Another blog from our friends in Shanghai. As we have frequently found if you’re feeling a bit under the weather, your own bed at home is where you want to be. Also celebrating Christmas and New Year in far away countries has always been a disaster for us, I’m not sure about how our friends feel after their experiences. Are we envious given all I’ve written recently about our lack of travel? I’m not sure. Certainly it’s interesting to compare our friends new year with ours – we were in bed.
One of the difficult things about leading an adventurous life style are those times when you would just like to be back in Blighty. Christmas approached and it did not feel like Christmas at all. Shanghai does put up Xmas decorations but this seems to be mainly for commercial purposes (a bit like home) to attract shoppers onto Nanjing Road and into the many assorted glossy shopping malls.
Most of our Xmas shopping was done over the internet or via long suffering family members who agreed to purchase gifts or pass on money on our behalf. It certainly took the foot slogging out of the equation and with no entertaining so there was no food shopping to do either, apart from a few boxes of M&S mince pies, some smoked salmon and cheeses, we felt rather un-Christmassy. This was to be countered by dinner in our local French restaurant on Christmas Eve, bound to be full of Westerners, or so we thought, celebrating Christmas with the Waldorf Astoria renowned Christmas brunch on the big day itself.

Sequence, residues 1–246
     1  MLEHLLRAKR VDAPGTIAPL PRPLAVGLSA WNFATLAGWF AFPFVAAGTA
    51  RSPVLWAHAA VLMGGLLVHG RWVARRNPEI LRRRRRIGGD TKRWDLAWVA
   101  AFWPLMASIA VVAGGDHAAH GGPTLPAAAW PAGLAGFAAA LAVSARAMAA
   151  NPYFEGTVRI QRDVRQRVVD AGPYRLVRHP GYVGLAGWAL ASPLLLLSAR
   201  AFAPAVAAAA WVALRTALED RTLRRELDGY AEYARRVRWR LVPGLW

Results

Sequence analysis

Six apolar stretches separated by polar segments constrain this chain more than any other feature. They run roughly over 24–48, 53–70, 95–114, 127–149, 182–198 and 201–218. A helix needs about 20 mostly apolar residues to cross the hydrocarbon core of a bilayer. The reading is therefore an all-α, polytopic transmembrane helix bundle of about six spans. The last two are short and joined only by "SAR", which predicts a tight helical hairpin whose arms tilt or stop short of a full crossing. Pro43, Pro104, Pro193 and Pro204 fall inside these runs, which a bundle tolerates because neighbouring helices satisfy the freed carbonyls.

As it turns out, very few Westerners were out in Petanque (the French restaurant) on Christmas Eve and it seemed to have a rather disproportionate number of Chinese clientele dining, quite unusual for this little eatery. Not so Christmassy then, they did have tree up, but nevertheless we had a nice evening, plenty of wine and some rather mediocre food. No problem, we were really looking forward to the Waldorf the following day.
It was not until Christmas morning that I realised that my other half had been up for half the night with what turned out to be food poisoning or a violent reaction to something he had eaten. Troubled at both ends, we concluded by process of elimination that it must have been the mussels from the night before. We gamely opened presents and ate some breakfast before it was time to jump in a taxi to take us for brunch. I had worried that we would struggle to get a taxi on Xmas day. I need not have bothered my head about it; we stepped out to business as usual outside. Shops and banks all open, people going about their ordinary business and taxis aplenty.